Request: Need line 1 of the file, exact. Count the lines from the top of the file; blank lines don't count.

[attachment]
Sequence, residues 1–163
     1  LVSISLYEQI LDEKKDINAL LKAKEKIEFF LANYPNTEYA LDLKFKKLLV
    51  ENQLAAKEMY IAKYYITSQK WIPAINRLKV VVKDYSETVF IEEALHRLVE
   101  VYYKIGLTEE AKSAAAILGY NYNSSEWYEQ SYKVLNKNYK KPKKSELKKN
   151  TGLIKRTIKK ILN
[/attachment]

Sequence, residues 1–163